Earlier this month Nedbank Private Wealth published a note in which JP Landman promised to "cut through the noise" about expropriation without compensation.
Mr Landman then kicked up a bit of noise himself. "All hell had broken loose", the "hysteria had been overdone", there had been an "explosion of emotion", "constant emotional explosions were undermining confidence, investment, and growth", you name it.
Well then, to use Mr Landman's own terminology, let us "cut" through his own "noise" to see what he is actually saying. His first point is that "nothing" has been proposed to change "the current system of expropriation where the executive takes the decisions and the courts can review them". Secondly, "one does not want judges acting as civil servants". Thirdly, "it all comes down to the doctrine of separation of powers".
His first argument is simply wrong. His second is a red herring. His third is back to front.
Mr Landman's first point is that under the "current system" of expropriation "the executive takes the decisions and the courts can review them". But this is not how the current system works. Nor is it what the Constitution says. Under the "current system", set out in section 25 of the Constitution, the amount of compensation to be paid must either be "agreed to by those affected or decided or approved by a court". This is quite clear. However, Mr Landman mysteriously makes no reference to this explicit provision that in the absence of agreement, the court decides or approves.
By misrepresenting what the Constitution actually says, Mr Landman would have us believe that the only power the courts have ever had is that of "review". He thus contrives to obscure the fact that the proposed constitutional amendments will remove the power of "decision and approval" from the courts and replace it with a much lesser power, that of "review" of decisions already taken by the executive branch of government .
Nor is it even clear that decisions on expropriation by the executive branch of government in the pursuit of land reform will qualify for "review" except in limited circumstances such as bad faith, errors in law, or beyond the bounds of what is reasonable.
The powers of the courts are to be diminished. The constitutionally guaranteed rights of property owners are also to be diminished. Yet Mr Landman would have us believe that "nothing" will change.
Mr Landman's second argument is that judges should not "act as civil servants". They should not administer legislation but only mediate in disputes. But section 25 does not require them to administer legislation. It requires them only to decide on the amount of compensation when no agreement can be reached, and it sets out the guidelines according to which they must determine the amount of compensation. They have had this responsibility since the Constitution came into operation in 1997, so it is both a misrepresentation and a red herring to suggest that they are now being asked to act as "civil servants".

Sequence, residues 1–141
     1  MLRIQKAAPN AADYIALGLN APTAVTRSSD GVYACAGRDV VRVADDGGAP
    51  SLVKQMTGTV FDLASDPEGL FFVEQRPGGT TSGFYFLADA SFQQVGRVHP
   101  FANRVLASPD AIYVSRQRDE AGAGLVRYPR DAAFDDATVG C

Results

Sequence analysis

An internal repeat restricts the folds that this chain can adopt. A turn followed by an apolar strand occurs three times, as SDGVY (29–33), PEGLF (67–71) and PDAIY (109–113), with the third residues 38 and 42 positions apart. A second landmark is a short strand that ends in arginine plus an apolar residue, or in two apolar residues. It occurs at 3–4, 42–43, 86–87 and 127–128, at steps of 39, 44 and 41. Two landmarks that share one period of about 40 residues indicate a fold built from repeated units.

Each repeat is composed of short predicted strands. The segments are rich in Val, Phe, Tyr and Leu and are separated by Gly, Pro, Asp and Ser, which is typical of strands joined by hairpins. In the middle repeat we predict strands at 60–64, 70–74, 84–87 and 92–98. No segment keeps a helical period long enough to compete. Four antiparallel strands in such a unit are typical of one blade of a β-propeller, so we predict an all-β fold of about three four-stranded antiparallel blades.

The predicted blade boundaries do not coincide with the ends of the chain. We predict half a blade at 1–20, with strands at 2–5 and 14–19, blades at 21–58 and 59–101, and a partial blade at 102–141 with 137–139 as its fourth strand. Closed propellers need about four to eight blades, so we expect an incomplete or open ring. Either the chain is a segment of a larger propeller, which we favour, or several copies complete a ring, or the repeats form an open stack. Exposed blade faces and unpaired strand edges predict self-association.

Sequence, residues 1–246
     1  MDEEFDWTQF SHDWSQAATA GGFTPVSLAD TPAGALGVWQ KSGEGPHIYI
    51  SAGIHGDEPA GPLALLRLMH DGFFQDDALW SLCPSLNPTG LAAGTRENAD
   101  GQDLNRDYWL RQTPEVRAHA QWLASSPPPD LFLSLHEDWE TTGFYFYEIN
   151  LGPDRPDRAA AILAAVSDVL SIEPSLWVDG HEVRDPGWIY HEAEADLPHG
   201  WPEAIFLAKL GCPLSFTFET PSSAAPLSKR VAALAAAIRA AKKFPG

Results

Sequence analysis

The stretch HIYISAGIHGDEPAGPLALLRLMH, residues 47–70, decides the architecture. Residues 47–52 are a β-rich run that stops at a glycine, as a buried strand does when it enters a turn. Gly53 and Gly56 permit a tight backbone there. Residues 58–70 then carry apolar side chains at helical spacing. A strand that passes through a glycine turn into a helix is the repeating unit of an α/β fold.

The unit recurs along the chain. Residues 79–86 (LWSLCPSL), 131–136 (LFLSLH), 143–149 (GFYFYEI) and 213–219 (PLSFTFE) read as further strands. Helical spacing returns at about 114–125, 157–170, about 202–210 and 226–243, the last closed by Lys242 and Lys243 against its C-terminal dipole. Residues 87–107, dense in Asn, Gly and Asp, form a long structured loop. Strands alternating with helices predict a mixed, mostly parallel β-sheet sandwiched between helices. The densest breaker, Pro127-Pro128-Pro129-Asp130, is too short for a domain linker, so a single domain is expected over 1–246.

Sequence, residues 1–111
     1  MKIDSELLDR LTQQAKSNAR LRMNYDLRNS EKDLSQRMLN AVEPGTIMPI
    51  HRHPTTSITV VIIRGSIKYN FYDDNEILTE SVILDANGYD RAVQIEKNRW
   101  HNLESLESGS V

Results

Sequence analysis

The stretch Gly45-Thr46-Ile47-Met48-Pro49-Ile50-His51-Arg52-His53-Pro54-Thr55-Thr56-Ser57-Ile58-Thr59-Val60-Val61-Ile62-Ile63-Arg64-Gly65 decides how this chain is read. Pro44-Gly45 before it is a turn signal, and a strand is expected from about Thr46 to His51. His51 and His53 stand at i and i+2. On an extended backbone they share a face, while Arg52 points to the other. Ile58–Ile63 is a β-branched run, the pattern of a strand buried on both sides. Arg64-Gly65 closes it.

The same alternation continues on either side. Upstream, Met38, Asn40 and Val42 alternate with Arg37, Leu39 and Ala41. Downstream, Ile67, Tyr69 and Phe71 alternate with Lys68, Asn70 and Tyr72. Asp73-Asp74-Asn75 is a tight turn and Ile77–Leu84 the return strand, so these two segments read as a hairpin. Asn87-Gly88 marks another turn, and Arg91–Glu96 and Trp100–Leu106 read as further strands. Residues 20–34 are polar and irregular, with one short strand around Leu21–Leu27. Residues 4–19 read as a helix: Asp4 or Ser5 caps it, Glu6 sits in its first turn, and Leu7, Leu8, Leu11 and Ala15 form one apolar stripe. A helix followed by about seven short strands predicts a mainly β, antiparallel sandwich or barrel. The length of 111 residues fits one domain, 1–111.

Mr Landman's third argument is that "it all comes down to the separation of powers", which, he helpfully reminds us, is between legislature, executive, and judiciary. His implication is that all those "hysterical" and "emotional" people who oppose the plans to amend section 25 somehow now want judges to trespass upon the terrain of the executive. But the powers over expropriation entrusted to the courts have been in the Constitution all along.
The separation of powers is indeed at issue here. On that Mr Landsman is correct. But he gets the argument exactly back to front. Section 25 allows the state to expropriate. It sets out the criteria according to which this may be done. When the amount of compensation cannot be agreed upon between the state and the person being expropriated, the courts decide.
The proposed amendments to the Constitution will not only upset this balance, they will also transfer power from the courts to bureaucrats staffing a government with a long track record of incompetence and corruption.
Apart from that obvious objection, Mr Landman wrongly states that "some political parties want a change that will put that decision-making with the courts", which, he says, the African National Congress (ANC) is "unlikely" to accept.
As we have seen, however, the decision-making is already with the courts, where it has been since the Constitution came into effect 23 years ago. The ANC is the party wanting the change to remove the decision from the courts. Those opposing the ANC on this issue want the decision-making to stay where it is. Once again, Mr Landman gets his arguments back to front.
* John Kane-Berman is a policy fellow at the IRR, a think-tank that promotes political and economic freedom. Readers are invited to take a stand with the IRR by clicking here or sending an SMS with your name to 32823. Each SMS costs R1. Ts and Cs apply.